Communities and Health Care

Communities and Health Care

The Rochester, New York, Experiment

Sarah F. Liebschutz

Paperback
$29.95

University of Rochester Press

Overview

Overview

Analyzes the Rochester, New York, Hospital Experimental Payment program (HEP) of the 1980s and its aftermath, emphasizing the importance of local and state communities to health-care decision making and legislation.
During the 1992 presidential campaign, candidate William J. Clinton praised Rochester's hospital experimental payment (HEP) program for containing costs and providing access to high quality health care. "If Rochester, New York, can do it with two-thirds of the cost of the rest of us," Clinton asserted, "America can do it too." This book is a detailed case study of a community that devised and implemented a unique, successful, and celebrated hospital cost containment experiment in the 1980s. Author Sarah Liebschutz describes the economic and social culture of Rochester dating to the early part of the twentieth century that provided the fertile soil for regional health planning and the HEP program. This study also examines how the changing economy ultimately stimulated robust competition among health care insurers and providers.
What does Rochester's experience tell us about the role communities play in organizing and financing health care? The national government has long played -- and will continue to play -- a central role in determining health policy, funding health insurance, and reimbursing health care providers. The responsibility for dealing with the interlocking issues of access, quality, and costs, however, is not exclusively national. State governments shape the health system as they legislate, regulate, and finance such key components of health care as insurance coverage, quality of care, and hospitals and other providers.
Communities matter because they organize and deliver health care at the ground level, through physicians, nurses, and other health care professionals, in both independent and hospital-affiliated settings. They matter because they ultimately determine whether health care in America is available, efficient, and effective.
The book draws heavily on files of the Rochester Area Hospitals Corporation, made available specifically to the author, and on extensive interviews with business leaders, hospital trustees, and administrators whose decisions fostered collaboration and then competition.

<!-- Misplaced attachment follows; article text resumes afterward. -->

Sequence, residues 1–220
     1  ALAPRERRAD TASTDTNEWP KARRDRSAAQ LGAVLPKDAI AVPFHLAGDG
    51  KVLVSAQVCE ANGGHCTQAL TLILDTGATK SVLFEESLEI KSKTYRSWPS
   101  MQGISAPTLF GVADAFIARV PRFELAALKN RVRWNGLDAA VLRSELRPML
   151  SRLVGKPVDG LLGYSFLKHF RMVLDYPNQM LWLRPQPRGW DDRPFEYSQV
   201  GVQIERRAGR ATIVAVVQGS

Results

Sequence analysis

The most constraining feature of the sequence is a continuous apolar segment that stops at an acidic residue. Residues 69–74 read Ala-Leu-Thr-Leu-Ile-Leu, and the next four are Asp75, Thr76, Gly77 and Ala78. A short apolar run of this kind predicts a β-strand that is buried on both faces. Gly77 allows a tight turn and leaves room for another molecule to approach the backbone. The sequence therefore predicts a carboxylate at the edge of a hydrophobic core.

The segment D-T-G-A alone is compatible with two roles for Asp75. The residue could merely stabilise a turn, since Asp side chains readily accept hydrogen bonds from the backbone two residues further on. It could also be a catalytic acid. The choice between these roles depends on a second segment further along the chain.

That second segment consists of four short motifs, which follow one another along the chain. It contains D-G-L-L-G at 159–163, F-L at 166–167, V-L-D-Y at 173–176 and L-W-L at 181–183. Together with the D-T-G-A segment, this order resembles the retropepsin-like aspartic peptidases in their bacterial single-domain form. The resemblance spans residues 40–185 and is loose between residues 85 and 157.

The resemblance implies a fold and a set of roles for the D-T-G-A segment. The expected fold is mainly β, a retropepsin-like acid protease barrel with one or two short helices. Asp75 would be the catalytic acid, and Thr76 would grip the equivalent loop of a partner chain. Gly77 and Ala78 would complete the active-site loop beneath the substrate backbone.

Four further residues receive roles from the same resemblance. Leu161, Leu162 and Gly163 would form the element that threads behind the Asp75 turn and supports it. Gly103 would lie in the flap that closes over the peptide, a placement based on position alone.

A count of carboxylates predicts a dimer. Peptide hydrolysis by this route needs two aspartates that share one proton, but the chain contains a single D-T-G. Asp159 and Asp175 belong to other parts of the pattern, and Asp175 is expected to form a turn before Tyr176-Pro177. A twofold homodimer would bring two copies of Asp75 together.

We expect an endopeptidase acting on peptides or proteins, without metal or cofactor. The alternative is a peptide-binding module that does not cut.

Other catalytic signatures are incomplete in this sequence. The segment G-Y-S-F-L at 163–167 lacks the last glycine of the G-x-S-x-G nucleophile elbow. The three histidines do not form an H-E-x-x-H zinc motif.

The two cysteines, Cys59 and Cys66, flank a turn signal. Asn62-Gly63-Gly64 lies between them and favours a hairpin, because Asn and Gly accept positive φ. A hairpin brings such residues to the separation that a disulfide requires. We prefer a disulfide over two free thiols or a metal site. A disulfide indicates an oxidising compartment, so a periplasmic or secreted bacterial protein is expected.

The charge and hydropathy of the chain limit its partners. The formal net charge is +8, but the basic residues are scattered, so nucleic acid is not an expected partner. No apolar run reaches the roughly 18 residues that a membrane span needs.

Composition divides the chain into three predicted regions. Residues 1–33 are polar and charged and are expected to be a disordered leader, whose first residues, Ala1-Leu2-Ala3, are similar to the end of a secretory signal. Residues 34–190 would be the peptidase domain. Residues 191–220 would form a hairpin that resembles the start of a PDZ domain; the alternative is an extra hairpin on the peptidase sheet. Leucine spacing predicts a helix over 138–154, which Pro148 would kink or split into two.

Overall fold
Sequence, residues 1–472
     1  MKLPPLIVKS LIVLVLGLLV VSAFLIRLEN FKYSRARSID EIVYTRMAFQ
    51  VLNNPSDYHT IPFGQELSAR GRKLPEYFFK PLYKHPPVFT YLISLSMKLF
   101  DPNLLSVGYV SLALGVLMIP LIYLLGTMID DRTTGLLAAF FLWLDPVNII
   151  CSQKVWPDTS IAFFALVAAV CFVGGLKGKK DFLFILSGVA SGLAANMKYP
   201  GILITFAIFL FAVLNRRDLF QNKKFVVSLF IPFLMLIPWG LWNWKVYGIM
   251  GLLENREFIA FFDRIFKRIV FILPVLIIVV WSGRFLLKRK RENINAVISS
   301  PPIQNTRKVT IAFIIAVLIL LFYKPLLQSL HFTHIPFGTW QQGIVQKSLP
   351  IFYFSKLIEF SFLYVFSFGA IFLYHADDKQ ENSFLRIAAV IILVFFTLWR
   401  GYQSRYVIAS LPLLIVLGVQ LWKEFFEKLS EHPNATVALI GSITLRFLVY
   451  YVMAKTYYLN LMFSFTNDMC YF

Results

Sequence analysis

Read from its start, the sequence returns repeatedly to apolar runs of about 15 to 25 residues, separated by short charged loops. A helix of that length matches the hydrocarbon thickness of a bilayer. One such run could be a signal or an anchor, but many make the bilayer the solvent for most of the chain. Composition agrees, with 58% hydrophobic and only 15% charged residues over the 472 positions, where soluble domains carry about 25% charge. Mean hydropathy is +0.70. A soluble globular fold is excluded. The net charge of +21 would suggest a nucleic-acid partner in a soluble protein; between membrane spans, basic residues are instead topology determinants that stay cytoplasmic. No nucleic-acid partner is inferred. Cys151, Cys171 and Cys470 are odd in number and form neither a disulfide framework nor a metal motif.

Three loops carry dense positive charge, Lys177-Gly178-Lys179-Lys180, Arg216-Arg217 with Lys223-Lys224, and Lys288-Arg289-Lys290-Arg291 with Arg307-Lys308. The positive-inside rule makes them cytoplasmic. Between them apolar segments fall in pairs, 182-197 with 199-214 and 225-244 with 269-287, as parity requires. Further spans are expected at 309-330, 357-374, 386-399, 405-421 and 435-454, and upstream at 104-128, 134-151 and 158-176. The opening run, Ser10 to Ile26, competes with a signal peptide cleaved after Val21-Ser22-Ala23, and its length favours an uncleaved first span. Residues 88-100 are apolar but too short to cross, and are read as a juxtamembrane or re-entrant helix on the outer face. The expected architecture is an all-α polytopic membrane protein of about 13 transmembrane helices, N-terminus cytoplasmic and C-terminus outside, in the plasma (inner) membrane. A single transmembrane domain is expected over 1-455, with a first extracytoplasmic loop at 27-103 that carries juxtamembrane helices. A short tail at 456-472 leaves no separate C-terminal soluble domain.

Sarah F. Liebschutz is Distinguished Service Professor Emerita at the State University of New York, College at Brockport.

Details

April 2013
29 black and white illustrations
272 pages
9x6 in
Rochester Studies in Medical History
ISBN: 9781580464666
Format: Paperback
University of Rochester Press
BIC MBX, 1KBB, 2AB, 3JJ
BISAC MED039000, MED078000, MED036000
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Table of Contents

Foreword by Paul F. Griner, MD
Communities and Health Care
Health--A Community Affair
Rochester's Community Legacy
The Rochester-Area Hospitals
MAXICAP: Precursor to HEP
The Rochester Area Hospitals Corporation: Decision-Making Forum
The Hospital Experimental Payment Program: Basic Facts
HEP in Retrospect
The Post-HEP Years: The Changed Environment
Sprinting toward the Mean
The Relevance of the Rochester Experiment

Reviews

Health, they say, is a community affair, and no American community labored so impressively to fashion a disciplined and coherent local health care system as did Rochester, New York, between the 1930s and the 1980s. Sarah Liebschutz's excellent book -- meticulously researched, lucidly argued -- gives an account of Rochester's distinctive corporate characters and unique instructional configuration that will not fail to fascinate and enlighten anyone who studies or practices health policy, politics, or planning. --Lawrence D. Brown, Professor of Health Policy and Management, Mailman School of Public Health, Columbia University

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